The Gulf Cooperation Council (GCC) and the Association of Southeast Asian Nations (ASEAN) recently held their inaugural joint summit in Riyadh, where they adopted a cooperation road map and called for a ceasefire in Gaza. This historic meeting between the two blocs marked a significant step in their relations, which were established in 1986. The GCC consists of Saudi Arabia, Oman, Qatar, Bahrain, Kuwait, and the UAE, while ASEAN comprises Indonesia, Malaysia, Singapore, Thailand, Vietnam, Brunei Darussalam, Cambodia, Laos, Myanmar, and the Philippines.
With a combined GDP of $7.8 trillion and a population of over 700 million, the GCC and ASEAN are major economic players. Both blocs experienced strong economic growth last year, with the GCC growing at 7.5% and ASEAN at 5.3%, well above the global average. The summit aimed to strengthen relations between the two regions in various domains.
However, the meeting took place amidst the ongoing Israeli bombardment of Gaza, prompting calls for a ceasefire. Saudi Crown Prince Mohammed bin Salman emphasized the Kingdom’s rejection of targeting civilians and urged an end to the fighting. Indonesian President Joko Widodo also highlighted the need to address the situation in Gaza and called for acts of violence to stop.
The GCC-ASEAN summit produced a cooperation road map and a joint statement on Gaza. The cooperation road map, presented by Saudi Foreign Minister Prince Faisal bin Farhan and Indonesian FM Retno Marsudi, outlined plans to strengthen partnership and explore joint strategies in areas such as counterterrorism, trade and investment, agriculture and food security, energy, tourism, connectivity, culture, information, education, banking, and financial services. The leaders also agreed to focus on micro, small, and medium enterprise development policies.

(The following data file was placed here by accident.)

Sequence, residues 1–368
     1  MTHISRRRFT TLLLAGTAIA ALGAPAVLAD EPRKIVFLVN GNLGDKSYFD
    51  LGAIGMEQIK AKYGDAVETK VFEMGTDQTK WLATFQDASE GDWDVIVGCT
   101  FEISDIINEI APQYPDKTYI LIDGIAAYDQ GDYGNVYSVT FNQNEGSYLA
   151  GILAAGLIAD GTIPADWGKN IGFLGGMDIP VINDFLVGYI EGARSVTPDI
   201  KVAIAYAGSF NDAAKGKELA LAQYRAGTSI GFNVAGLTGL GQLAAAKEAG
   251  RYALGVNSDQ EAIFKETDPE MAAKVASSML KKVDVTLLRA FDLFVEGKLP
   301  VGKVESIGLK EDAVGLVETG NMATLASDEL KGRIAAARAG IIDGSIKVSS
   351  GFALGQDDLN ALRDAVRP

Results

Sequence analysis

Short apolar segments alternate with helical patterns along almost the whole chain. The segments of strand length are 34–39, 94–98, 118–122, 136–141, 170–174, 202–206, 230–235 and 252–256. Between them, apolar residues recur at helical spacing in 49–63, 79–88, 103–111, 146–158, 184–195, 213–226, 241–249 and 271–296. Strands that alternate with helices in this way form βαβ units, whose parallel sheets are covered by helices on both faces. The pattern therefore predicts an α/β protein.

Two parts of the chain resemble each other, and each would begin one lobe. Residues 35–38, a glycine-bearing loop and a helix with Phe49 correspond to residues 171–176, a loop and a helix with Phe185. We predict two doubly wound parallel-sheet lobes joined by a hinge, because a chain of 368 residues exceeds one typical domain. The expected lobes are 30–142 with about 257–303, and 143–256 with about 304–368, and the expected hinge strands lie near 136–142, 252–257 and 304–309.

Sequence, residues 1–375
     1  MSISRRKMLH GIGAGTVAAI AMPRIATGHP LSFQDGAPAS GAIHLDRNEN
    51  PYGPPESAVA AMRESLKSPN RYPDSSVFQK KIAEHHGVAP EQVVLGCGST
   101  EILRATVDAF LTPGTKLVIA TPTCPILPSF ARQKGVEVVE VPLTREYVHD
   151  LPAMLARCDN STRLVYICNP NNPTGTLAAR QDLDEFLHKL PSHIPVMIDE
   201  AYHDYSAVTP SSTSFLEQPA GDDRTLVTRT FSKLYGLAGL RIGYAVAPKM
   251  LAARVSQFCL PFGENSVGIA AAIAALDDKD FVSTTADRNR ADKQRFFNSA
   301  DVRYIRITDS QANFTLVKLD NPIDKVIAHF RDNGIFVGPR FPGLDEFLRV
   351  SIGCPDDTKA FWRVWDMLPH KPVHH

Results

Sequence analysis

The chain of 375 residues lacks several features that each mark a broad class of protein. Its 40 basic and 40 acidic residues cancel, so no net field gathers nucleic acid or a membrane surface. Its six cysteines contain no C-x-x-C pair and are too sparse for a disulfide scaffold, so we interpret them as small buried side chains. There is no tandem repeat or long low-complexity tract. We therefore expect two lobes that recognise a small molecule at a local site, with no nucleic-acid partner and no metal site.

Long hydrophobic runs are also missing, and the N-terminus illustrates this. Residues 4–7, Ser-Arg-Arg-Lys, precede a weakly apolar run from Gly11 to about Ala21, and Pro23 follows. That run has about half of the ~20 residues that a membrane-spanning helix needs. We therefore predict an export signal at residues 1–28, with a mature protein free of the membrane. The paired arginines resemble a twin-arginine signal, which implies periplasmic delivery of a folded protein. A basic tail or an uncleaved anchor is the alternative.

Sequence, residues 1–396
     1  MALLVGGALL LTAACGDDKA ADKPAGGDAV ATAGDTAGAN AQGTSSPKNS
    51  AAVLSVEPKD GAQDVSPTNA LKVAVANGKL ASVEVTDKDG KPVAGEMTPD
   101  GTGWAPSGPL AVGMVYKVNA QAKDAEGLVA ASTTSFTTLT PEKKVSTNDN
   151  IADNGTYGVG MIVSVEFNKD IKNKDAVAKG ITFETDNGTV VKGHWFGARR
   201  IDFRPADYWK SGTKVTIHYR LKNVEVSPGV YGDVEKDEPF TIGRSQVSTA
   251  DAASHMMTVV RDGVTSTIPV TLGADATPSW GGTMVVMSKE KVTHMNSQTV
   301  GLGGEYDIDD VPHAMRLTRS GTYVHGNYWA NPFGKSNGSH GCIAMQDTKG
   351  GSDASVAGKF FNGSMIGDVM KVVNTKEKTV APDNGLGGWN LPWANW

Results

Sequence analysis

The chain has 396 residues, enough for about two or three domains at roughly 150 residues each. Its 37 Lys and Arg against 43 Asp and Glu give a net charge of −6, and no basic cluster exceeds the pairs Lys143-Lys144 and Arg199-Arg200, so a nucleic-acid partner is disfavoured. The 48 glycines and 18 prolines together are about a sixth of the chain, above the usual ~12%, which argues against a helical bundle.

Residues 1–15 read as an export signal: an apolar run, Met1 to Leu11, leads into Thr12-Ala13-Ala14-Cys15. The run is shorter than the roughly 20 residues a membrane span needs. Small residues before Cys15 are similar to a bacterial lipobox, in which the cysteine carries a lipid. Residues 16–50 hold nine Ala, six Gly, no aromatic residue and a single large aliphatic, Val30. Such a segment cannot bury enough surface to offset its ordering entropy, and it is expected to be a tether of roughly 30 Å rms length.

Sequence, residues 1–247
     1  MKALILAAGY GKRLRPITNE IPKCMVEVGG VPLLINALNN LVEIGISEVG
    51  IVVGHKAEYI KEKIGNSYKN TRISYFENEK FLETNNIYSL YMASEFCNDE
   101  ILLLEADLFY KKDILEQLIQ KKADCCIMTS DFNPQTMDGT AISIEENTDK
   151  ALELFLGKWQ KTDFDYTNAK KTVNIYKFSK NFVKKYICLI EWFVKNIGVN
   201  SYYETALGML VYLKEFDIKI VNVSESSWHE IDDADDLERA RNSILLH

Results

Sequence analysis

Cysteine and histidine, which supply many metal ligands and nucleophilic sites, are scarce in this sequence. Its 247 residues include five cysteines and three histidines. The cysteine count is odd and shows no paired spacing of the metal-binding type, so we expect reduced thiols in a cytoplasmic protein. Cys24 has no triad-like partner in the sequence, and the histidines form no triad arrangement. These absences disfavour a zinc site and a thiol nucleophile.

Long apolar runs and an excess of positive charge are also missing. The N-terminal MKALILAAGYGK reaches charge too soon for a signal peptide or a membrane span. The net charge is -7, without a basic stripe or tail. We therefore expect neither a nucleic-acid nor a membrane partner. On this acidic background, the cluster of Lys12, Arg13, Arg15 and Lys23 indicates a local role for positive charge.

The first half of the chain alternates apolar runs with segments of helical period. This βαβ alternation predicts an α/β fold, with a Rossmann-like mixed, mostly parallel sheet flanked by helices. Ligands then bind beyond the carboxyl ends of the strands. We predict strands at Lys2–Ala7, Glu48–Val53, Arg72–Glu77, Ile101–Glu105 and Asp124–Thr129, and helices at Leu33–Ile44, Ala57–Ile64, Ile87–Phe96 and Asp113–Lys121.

In their joint statement on Gaza, the GCC-ASEAN leaders condemned attacks against civilians and called for a durable ceasefire. They also emphasized the importance of upholding international humanitarian law and ensuring effective access for humanitarian aid. The summit’s call for a ceasefire and the delivery of humanitarian aid was welcomed as a move to end the bloodshed and protect civilians.
The GCC-ASEAN summit marked a new chapter in the relationship between the two regions. The leaders expressed their commitment to creating a better region and a better world through closer cooperation. They recognized the potential for growth and the benefits it can bring to their people.
Moving forward, the GCC-ASEAN leaders agreed to hold summits every two years to strengthen joint cooperation. This commitment ensures that the relationship between the two blocs will continue to flourish in the future.
In conclusion, the inaugural joint summit between the GCC and ASEAN in Riyadh was a significant milestone in their relations. The adoption of a cooperation road map and the call for a ceasefire in Gaza demonstrated the commitment of both blocs to peace, stability, and prosperity. The summit provided a platform for leaders to discuss key issues and explore opportunities for collaboration in various sectors. With their combined economic power and population, the GCC and ASEAN have the potential to make a positive impact on the global stage.